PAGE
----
The Monkey () is the ninth of the 12-year cycle of animals which appear in the Chinese zodiac related to the Chinese calendar. The Year of the Monkey is associated with the Earthly Branch symbol .

Ox (zodiac) Chinese zodiac symbolic animal

The Ox () is the second of the 12-year cycle of animals which appear in the Chinese zodiac related to the Chinese calendar. The Year of the Ox is denoted by the Earthly Branch symbol 丑. The name is translated into English as Cow.

Rat (zodiac) Sign of the Chinese zodiac

The Rat () is the first of the 12-year cycle of animals which appear in the Chinese zodiac related to the Chinese calendar. The Year of the Rat is associated with the Earthly Branch symbol .

Earthly Branches East Asian system of 12 ordinals

The twelve Earthly Branches or Terrestrial Branches are an ordering system used throughout East Asia in various contexts, including its ancient dating system, astrological traditions, and zodiac.

Astrological sign twelve 30° sectors of the ecliptic, as defined by Western astrology

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"Age of Aquarius" is an astrological term denoting either the current or forthcoming astrological age, depending on the method of calculation. Astrologers maintain that an astrological age is a product of the earth's slow precessional rotation and lasts for 2,160 years, on average.

Sun sign astrology form of astrology, commonly found in newspapers, which considers only the position of the Sun at birth, placed within one of the twelve zodiac signs, which is then related to the current movements of all the planets

Sun sign astrology is the form of astrology most commonly found in many newspaper and magazine columns. It is a simplified system of astrology which considers only the position of the Sun at birth, which is said to be placed within one of the twelve zodiac signs. This sign is then called the sun sign or star sign of the person born in that twelfth-part of the year.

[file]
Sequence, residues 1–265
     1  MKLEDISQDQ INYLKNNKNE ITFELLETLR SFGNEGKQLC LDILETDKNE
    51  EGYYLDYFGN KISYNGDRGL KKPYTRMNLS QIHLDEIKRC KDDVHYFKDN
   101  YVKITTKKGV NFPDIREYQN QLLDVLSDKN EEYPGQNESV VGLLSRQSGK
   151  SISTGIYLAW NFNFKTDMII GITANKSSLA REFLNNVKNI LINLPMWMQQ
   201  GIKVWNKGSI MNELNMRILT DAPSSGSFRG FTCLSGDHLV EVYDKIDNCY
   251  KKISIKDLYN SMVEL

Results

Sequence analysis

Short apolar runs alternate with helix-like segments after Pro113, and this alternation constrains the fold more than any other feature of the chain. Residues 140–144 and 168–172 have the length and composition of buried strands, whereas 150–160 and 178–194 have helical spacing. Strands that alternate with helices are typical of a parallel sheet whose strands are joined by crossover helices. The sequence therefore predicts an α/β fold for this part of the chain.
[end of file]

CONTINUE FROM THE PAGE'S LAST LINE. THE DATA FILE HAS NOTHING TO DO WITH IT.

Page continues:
The Four Pillars of Destiny is a Chinese astrological concept that a person's destiny or fate can be divined by the two sexagenary cycle characters assigned to their birth year, month, day, and hour. This type of astrology is also used in Japan and Korea.

In Chinese philosophy, water, is the low point of the matter, or the matter's dying or hiding stage. Water is the fifth stage of Wu Xing.

In Chinese astrology, the symbolic stars represent different relations of the specific positions and interactions of the heavenly stems and earthly branches.

Rooster (zodiac) sign of the Chinese zodiac

The Rooster is the tenth of the 12-year cycle of animals which appear in the Chinese zodiac related to the Chinese calendar. The Year of the Rooster is represented by the Earthly Branch symbol 酉. The name is translated into English as Chicken.

References

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  2. ricardobaddouh (2014-01-28). "Tibetan Astrology – Table of Year-Animal-Element" . Retrieved 2017-06-09.
  3. "Chinese Zodiac". Warrior Tours. Retrieved 2017-06-09.
  4. "Tamu (Gurung) Losar Festival". ECS Nepal. 2010-07-11. Retrieved 2017-06-09.
  5. Audrey Lim (2003-03-03). "Legend of the Chinese Zodiac". ThingsAsian. Retrieved 2017-06-09.
  6. Hesse, Annie. "Chinese Astrology: Introduction" . Retrieved 17 February 2013.
  7. "Chinese Zodiac – Pig (Boar)". Your Chinese Astrology. Retrieved 8 May 2018.
  8. Gillette, Maris Boyd (2002). Between Mecca And Beijing. Stanford: Stanford University Press. p. 124 via Google Book Search.
  9. "Celebrating the Year of the Pig". USC U.S.-China Institute. 4 February 2019. Retrieved 7 February 2019.

Further reading